SALT LAKE CITY — Many Utah nonprofit animal organizations are asking for the community's help to provide pet owners with needed supplies amid COVID-19 restrictions.
"Pet owners who were gainfully employed only a week or two ago may now be wondering how they'll buy the next bag of dog or cat food to care for and keep their pets safely at home," according to a Best Friends Animal Society news release.
Residents can help with monetary and supply donations, by hosting a pet food drive, and by fostering animals. Here are three places where Utahns can help:
Best Friends Animal Society
Residents can donate to the Best Friends Animal Society by placing pet food in bins outside the Lifesaving Center at 2005 S. 1100 East in Salt Lake City. They accept donations at any time of day.
"We especially need dry cat and dry dog food," a news release from Best Friends says. "Previously opened bags of dry food are accepted if taped up securely."
Residents can also donate through the animal society’s AmazonSmile Charity List.
According to Temma Martin, a spokesperson for Best Friends, the organization gave away almost 2 tons of dog and cat food just last week. "We’re giving the food away as fast as it’s coming in," Martin told KSL.com.
She said the goal is to help as many people who are having a rough time as possible. "We want to help people feel like they don't have to face the decision of giving up their pet," Martin explained.
"Donations of pet food help not only the pets who ultimately receive the food, but also the families who at least know their pet is fed, which is one less thing to worry about in these difficult times," the news release reads.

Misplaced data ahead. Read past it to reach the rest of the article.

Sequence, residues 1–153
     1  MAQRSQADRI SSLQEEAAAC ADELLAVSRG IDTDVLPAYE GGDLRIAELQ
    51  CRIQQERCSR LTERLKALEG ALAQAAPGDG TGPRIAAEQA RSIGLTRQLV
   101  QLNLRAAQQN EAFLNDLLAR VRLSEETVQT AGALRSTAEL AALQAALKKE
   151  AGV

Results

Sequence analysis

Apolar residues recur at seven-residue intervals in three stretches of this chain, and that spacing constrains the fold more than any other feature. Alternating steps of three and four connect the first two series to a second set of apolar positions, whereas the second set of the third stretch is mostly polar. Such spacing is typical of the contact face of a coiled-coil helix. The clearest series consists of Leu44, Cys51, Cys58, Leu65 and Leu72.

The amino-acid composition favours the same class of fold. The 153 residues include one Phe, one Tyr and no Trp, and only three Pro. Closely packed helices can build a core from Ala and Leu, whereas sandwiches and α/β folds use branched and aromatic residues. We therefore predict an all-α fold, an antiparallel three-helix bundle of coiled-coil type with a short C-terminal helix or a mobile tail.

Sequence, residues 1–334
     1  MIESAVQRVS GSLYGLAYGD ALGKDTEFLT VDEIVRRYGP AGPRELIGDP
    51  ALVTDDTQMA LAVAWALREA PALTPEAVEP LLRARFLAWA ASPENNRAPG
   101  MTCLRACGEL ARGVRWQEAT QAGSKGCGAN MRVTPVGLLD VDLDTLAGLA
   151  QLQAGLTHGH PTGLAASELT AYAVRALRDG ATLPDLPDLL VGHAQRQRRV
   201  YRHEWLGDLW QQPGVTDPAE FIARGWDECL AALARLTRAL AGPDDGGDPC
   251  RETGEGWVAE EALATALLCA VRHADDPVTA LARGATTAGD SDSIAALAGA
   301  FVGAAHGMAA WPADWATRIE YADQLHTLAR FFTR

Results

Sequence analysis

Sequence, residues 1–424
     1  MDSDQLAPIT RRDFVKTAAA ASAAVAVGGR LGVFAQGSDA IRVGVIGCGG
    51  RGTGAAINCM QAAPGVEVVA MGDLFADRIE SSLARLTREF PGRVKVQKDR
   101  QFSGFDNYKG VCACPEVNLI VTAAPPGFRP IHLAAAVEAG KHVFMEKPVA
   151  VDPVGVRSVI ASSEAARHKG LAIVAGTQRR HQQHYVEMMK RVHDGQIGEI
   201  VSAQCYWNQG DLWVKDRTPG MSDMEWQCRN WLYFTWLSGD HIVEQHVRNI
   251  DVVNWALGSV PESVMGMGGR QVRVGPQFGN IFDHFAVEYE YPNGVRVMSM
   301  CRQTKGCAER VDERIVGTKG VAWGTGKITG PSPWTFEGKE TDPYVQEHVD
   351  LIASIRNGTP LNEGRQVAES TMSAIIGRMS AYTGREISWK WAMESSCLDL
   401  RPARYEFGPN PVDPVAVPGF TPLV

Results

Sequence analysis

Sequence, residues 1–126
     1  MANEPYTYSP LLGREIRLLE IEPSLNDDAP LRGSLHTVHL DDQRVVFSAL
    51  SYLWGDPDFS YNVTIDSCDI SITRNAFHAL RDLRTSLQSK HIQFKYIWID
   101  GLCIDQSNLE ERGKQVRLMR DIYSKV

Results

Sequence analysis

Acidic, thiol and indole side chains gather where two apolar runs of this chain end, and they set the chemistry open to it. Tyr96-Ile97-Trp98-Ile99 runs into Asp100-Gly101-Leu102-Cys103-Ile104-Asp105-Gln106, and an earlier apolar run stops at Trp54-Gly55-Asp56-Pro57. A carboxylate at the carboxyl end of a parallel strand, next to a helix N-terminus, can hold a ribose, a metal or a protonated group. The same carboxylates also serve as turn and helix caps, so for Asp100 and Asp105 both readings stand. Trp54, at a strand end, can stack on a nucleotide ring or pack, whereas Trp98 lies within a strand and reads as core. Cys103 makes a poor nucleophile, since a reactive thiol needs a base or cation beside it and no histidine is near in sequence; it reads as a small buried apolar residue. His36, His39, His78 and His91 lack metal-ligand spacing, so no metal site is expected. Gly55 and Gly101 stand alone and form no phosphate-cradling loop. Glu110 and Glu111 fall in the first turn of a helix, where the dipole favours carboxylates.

As shelters across the state close and move to an appointment-only system, Martin said this is also a great time for families to foster a pet, especially when people are spending more time at home.
Nuzzles and Co. Pet Rescue and Adoption
Nuzzles and Co. gave away dog food, cat food and cat litter at its pop-up pantry in Salt Lake Tuesday, according to a Facebook post. Jamie Usry, executive director of Nuzzles and Co., said they plan to do pop-ups every week in Petco parking lots in Utah, Davis and Salt Lake counties. Future pop-up pantries will be announced on its Facebook page.
To adhere to public health orders, the nonprofit asks those picking up or dropping off donations to practice social distancing and use patience as workers find what people need.
“Our staff wears gloves and masks. And we had people start driving up in their cars yesterday, so they're not even getting out of their car,” Usry told KSL.com. “So, we're being very, very safe.”
“But if we go on a full stay-at-home order, kind of locked down, we just can't help the community anymore,” she said.
They will accept supply donations at the pop-up locations and at their adoption center and Rescue Ranch locations. Big dog kibble and dry pet food, in general, is especially needed, Usry told KSL.com, but Nuzzles and Co. will accept anything.
"We need people who are not struggling to bring pet food and cat litter supplies to us so that we can continue to redistribute these supplies to the community in the coming weeks," a a Facebook post reads.
“At Nuzzles & Co., we believe that pets are family,” Usry explained.
She said the nonprofit gave away 785 lbs. of pet food and 503 lbs. of cat litter Tuesday. At a pop-up pantry earlier in the month, they gave away 1,945 pounds of pet food.